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Nerve Growth Factor


Nerve Growth Factor (NGF) is a naturally occurring protein that controls the development of the nervous system in embryos and maintains neurons and neural transmission in adults, particularly in sympathetic and sensory nerve cells.

NGF was the first neurotrophin to be identified. It is believed to play a significant role in the repair, regeneration and protection of neurons. By activating certain signaling pathways, NGF stimulates a sequence of proteins and achieves a nourishing effect on cholinergic neurons of the basal forebrain and striatum. This can promote nerve growth and potentially reverse the devastating effects of neurodegenerative disorders such as Alzheimer’s Disease and Parkinson’s disease.

NGF is comprised of three polypeptide chains, but only one, called beta, is responsible for the nerve growth stimulating effect. A large molecule which cannot be introduced peripherally into the human body, NGF must be directly implanted into the targeted areas of the brain to achieve a therapeutic benefit. One method uses donated skin cells, which are genetically mutated to produce NGF. To avoid the necessity of brain surgery, some research efforts are looking at emulating the effects of NGF in a smaller molecule for clinical use (e.g. adenosine).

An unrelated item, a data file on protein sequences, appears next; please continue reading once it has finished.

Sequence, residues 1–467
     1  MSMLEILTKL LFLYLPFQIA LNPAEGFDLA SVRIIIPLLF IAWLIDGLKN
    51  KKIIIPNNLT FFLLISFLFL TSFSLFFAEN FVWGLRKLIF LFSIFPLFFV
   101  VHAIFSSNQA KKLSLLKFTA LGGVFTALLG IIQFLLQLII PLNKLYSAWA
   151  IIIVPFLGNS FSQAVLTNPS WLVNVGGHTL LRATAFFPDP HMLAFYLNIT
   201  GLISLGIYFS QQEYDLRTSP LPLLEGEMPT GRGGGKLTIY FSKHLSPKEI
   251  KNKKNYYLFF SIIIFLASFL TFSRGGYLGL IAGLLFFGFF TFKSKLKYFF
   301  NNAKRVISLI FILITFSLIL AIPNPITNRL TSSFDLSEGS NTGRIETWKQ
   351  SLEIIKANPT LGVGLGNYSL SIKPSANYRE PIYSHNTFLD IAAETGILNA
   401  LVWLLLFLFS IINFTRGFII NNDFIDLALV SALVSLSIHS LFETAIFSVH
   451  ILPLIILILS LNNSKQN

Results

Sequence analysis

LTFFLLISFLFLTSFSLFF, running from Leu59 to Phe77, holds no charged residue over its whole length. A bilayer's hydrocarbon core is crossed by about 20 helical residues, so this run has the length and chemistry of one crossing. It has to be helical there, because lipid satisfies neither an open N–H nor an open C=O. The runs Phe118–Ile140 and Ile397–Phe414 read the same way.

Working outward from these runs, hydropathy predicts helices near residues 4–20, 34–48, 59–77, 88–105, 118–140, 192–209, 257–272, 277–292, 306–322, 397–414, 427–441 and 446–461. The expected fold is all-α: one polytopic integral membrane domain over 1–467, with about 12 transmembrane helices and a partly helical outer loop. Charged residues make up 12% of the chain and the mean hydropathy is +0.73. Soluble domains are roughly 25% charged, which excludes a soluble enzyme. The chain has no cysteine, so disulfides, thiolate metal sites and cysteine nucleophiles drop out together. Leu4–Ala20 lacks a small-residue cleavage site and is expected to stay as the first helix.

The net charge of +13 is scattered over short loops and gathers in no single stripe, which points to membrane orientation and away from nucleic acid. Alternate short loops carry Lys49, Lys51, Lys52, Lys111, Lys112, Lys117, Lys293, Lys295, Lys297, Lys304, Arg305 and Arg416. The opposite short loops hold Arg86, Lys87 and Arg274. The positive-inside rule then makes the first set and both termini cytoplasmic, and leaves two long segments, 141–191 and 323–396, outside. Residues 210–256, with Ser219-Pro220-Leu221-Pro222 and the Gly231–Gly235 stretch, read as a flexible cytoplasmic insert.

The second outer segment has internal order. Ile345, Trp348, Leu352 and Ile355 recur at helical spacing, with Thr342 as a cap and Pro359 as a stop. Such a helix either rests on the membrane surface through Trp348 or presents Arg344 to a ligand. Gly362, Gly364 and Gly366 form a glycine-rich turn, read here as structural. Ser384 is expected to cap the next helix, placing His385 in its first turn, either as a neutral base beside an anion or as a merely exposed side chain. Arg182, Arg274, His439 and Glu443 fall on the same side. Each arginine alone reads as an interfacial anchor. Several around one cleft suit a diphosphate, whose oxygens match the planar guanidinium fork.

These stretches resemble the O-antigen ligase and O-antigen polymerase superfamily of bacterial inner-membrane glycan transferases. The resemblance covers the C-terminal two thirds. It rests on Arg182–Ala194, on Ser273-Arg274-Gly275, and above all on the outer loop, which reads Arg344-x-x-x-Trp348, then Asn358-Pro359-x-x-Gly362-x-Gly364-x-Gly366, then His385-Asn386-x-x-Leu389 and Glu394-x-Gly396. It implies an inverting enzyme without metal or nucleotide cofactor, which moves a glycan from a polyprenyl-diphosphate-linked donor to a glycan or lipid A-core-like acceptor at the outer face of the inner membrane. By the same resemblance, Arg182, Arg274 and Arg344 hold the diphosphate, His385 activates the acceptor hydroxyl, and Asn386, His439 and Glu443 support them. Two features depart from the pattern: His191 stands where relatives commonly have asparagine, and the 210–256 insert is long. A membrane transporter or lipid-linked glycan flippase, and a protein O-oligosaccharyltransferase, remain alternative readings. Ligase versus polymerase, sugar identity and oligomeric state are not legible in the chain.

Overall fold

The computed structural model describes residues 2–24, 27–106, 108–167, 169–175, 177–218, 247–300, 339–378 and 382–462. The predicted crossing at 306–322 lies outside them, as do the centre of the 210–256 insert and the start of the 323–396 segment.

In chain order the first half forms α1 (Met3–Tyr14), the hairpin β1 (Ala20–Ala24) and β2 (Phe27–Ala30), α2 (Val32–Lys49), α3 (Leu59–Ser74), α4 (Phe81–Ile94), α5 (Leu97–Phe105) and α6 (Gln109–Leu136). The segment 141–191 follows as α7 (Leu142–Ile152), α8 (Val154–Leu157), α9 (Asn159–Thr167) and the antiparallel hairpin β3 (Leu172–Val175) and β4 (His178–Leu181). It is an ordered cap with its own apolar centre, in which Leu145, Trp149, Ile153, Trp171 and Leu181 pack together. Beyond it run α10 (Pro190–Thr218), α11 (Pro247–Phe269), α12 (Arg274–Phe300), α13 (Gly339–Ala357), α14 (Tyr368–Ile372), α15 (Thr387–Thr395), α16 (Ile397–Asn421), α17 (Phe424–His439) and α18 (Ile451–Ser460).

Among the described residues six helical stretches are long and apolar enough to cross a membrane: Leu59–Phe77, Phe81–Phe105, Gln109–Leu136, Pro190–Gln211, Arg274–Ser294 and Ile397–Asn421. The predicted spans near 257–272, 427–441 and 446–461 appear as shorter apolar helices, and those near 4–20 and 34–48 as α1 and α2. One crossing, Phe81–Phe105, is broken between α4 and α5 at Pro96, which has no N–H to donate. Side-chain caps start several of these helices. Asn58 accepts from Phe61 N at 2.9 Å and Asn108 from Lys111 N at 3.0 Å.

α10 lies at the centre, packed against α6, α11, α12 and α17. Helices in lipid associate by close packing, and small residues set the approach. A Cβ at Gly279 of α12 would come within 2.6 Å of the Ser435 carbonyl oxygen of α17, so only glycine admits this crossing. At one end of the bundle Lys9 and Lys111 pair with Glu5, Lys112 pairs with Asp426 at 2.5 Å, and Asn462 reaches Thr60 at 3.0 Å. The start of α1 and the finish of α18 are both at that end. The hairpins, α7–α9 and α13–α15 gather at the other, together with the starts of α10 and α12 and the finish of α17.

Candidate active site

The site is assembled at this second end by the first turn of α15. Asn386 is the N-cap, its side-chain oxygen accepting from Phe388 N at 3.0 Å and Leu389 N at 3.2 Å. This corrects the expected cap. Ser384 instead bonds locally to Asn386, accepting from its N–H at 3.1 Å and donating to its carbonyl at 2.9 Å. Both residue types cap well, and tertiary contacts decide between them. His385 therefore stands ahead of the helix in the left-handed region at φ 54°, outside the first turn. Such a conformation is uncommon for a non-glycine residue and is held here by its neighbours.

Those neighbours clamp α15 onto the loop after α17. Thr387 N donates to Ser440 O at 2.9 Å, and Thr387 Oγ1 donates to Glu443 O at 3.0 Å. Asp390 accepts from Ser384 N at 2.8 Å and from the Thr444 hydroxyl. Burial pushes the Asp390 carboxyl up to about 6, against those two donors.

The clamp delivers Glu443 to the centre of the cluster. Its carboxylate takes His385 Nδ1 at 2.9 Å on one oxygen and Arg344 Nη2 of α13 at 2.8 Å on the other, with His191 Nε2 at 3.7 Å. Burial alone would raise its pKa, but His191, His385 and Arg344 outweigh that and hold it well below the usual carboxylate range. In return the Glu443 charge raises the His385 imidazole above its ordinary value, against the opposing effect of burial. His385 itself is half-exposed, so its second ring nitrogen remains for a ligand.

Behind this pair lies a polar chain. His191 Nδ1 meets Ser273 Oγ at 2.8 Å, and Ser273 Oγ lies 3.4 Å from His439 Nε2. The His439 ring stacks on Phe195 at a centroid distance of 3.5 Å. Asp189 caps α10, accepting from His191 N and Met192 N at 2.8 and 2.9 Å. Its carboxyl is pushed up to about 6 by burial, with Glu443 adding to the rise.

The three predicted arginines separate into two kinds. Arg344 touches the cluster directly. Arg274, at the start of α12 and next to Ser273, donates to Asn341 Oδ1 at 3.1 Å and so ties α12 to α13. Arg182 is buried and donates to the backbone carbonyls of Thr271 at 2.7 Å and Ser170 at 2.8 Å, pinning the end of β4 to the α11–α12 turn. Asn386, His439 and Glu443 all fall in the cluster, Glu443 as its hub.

Potential benefits:

  • Improved motor function

  • Reduced cognitive impairment

  • Elimination or significant reduction of medication


  • Weight loss

  • Pain

  • Tumor formation

  • Brain hemorrhage


  • Patient post-trial safety

Current research:

  • No current clinical trials listed by any agency.

[1] PharmaLicensing.com; Activation of Nerve Growth Factor Receptor Trophic Functions

[2] MedicineNet.com; MedTerms online

[3] Science Daily; UNC Scientists Discover Molecular Pathway Leading To Nerve Growth And Regeneration; July 5, 2004; University Of North Carolina School Of Medicine


Copyright© 2012 Pipeline Project

All rights reserved. Revised: 01/26/12.